FLORHAM PARK, N.J. — Here they go again.
For the second time in three years, the New York Jets will invest a high draft pick in a quarterback, a college wonder boy tasked with the enormous challenge of invigorating a star-crossed franchise. They botched it with Sam Darnold, whose shortcomings were exacerbated by organizational failure on multiple levels. Now it’s fair to wonder:
Let’s put it this way: While it’s hard to overlook the Jets’ long history of ruining quarterbacks, the organization is in a better place than it was in 2018, when Darnold arrived with so much hype. By then, the coach-general manager tandem of Todd Bowles-Mike Maccagnan was coming off two straight losing seasons. The timelines weren’t aligned; it was a rookie quarterback in a win-now situation — a recipe for disaster.
And it was. Bowles was fired after the 2018 season, followed by Maccagnan a few months later.
Now, with coach Robert Saleh entering his first season, and with Joe Douglas entrenched as the general manager, the Jets have a stable environment for their new face of the franchise. Mike LaFleur, who will have the greatest impact on the quarterback’s development, is unproven as a first-time offensive coordinator, but he’s installing a tried-and-true system that suits Wilson’s skill set.
Continuity is a big part of the equation. You can’t develop a young quarterback if he’s stuck in the middle of a revolving door. He needs a chance to grow with a coach and a system. It’s not a guarantee for success — look at Mark Sanchez, whose career went sideways under the same regime — but it’s a good start.
Now comes the area of concern.
The new quarterback’s supporting cast is pretty much the same one that finished dead last in total offense last season. Free-agent addition Corey Davis is a definite upgrade over Breshad Perriman at wide receiver, and newcomer Keelan Cole Sr. also will help at wideout, but the rest of the offensive personnel is frighteningly familiar to what the Jets had in 2020.
Same five starters on the offensive line. No true No. 1 running back. Major questions at tight end. And, let’s not forget, no veteran quarterbacks on the roster.
It’s unrealistic to believe Wilson will succeed with the roster as currently constructed. This is where Douglas has to do a better job than he did with Darnold. And he knows it.
In the summer of 2019, Douglas, new on the job, promised Darnold’s parents that he would give their son playmakers and protectors. That never materialized, as Douglas acknowledged the lapse midway through the 2020 season. Give him credit for admitting his mistakes; not many GMs would have done that. Presumably, he learned a hard lesson and will attack the new situation with a different plan.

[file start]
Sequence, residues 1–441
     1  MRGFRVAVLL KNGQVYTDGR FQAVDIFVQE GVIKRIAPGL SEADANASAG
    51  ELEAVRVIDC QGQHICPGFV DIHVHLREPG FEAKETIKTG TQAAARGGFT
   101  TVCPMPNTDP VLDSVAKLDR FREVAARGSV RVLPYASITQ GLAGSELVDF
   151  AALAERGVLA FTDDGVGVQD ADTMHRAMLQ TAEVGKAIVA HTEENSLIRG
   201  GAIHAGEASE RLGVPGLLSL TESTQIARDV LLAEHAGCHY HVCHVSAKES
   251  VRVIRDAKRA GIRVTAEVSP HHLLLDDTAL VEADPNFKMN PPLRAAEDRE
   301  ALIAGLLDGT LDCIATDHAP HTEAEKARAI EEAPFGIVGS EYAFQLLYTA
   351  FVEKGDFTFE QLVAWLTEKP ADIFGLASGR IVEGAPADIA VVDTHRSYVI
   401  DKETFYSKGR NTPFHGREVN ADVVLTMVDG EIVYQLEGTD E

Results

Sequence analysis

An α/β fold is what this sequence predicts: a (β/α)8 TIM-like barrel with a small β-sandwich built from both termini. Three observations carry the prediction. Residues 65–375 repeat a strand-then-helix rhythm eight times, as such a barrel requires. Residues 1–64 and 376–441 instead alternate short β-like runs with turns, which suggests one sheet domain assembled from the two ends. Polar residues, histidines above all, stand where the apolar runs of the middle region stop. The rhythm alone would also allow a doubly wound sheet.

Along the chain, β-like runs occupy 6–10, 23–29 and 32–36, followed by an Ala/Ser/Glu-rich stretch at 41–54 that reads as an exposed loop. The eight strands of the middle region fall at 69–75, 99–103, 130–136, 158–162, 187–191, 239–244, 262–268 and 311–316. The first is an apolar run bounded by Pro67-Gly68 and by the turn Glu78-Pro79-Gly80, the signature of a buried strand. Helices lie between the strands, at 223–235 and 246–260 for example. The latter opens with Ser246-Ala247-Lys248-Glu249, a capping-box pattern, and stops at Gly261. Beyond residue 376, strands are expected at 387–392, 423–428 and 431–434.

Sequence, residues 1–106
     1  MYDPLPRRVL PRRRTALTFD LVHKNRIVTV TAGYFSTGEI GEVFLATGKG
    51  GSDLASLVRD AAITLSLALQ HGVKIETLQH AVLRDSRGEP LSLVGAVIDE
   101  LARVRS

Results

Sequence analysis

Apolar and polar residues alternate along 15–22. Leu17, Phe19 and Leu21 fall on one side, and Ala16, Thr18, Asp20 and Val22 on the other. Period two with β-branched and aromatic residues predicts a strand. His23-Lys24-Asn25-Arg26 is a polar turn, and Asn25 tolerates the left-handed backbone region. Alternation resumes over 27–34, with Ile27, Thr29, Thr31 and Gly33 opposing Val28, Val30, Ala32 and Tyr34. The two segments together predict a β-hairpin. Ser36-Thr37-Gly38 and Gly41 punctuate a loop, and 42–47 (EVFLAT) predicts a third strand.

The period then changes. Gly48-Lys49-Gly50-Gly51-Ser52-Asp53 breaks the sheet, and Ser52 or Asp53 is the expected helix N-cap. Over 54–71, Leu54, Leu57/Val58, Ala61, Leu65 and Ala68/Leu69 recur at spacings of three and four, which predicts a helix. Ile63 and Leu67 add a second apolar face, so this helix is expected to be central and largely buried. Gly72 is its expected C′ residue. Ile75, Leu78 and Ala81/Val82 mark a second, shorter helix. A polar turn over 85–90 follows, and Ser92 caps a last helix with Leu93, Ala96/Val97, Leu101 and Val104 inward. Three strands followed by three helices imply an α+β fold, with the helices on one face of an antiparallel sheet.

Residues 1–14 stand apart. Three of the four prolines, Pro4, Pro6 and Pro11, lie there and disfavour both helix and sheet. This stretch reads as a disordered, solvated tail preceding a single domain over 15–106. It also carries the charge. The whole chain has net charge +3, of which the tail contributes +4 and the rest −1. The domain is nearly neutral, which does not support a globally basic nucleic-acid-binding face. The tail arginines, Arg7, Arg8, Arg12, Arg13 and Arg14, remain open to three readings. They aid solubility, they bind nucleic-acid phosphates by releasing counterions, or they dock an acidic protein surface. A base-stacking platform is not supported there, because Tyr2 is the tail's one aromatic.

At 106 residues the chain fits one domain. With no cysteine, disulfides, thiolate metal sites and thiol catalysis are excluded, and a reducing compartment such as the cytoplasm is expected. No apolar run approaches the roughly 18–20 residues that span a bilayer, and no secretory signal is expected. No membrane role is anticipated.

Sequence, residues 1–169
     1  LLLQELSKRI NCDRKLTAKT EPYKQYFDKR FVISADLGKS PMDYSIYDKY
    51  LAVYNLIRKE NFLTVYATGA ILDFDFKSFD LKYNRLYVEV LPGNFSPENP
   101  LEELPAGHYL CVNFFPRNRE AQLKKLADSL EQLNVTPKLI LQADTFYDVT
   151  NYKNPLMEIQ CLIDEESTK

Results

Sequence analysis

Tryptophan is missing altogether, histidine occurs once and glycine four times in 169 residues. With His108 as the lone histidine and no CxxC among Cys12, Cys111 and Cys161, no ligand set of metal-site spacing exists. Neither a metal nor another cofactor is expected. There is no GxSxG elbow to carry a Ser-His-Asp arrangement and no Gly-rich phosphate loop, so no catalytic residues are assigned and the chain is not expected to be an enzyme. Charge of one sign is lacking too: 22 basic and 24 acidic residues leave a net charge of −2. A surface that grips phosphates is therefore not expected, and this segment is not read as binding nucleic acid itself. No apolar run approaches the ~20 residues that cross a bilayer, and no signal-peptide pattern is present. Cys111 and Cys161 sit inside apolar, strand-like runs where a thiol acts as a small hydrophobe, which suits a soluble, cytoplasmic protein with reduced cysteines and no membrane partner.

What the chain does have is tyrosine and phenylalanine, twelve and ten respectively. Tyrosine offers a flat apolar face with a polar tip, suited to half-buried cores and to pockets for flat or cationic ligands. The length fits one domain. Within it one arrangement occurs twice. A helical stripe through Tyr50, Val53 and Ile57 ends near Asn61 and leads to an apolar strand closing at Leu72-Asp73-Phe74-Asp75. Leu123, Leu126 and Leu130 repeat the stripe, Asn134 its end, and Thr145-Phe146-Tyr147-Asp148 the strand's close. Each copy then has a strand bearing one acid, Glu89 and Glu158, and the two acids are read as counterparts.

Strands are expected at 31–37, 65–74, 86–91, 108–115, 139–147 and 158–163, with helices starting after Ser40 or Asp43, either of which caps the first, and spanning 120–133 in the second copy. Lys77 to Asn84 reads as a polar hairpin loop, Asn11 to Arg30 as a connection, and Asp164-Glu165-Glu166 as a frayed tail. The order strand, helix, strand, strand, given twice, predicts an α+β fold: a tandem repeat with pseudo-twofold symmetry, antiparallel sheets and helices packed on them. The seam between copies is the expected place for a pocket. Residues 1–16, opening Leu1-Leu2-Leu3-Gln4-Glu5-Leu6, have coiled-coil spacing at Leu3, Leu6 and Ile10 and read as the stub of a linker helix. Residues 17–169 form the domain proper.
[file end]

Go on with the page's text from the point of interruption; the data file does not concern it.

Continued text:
“We have to surround our next quarterback with as much talent as possible,” Douglas said Tuesday.
With 21 picks in the next two drafts, including 10 in the first three rounds, Douglas has the resources to build something sustainable around Wilson. He owns the second, 23rd, 34th, 66th and 86th choices in the draft, which begins April 29. He should come out of it with a playmaker and an offensive lineman (or two). There are some pressing defensive needs, so there has to be balance.
Mike Golic Jr. and Chiney Ogwumike are happy to see the Jets trade Sam Darnold to the Panthers.
Douglas should be bold and use the Jets’ 23rd pick, along with one of their 2022 second-round picks, to trade up for an elite-level player. If one of the high-end pass-catchers falls out of the top 10, either Florida tight end Kyle Pitts (not likely) or one of the top three wide receivers (perhaps Alabama’s Jaylen Waddle), Douglas will have enough ammunition to jump up from No. 23 to draft him.
He’s sitting on a war chest of draft picks. Don’t be like former GM John Idzik and just sit on them. Be aggressive and move around the board. Put Waddle with Davis, Denzel Mims and Jamison Crowder, and now you’re talking about a potentially explosive receiving corps.
“We do have a lot of assets,” Douglas said, “but we have to make the most of the opportunities.”
Douglas also needs to import an experienced “bridge” quarterback to help guide Wilson through the inevitable growing pains, someone who can start the season, if necessary. It’s a huge leap from BYU’s cream-puff schedule to the weekly challenges of the NFL, and it would be a mistake to rush him into action. Where have you gone, Josh McCown?
Right now, it’s all about building a winning environment for Wilson, something they failed to do for Darnold.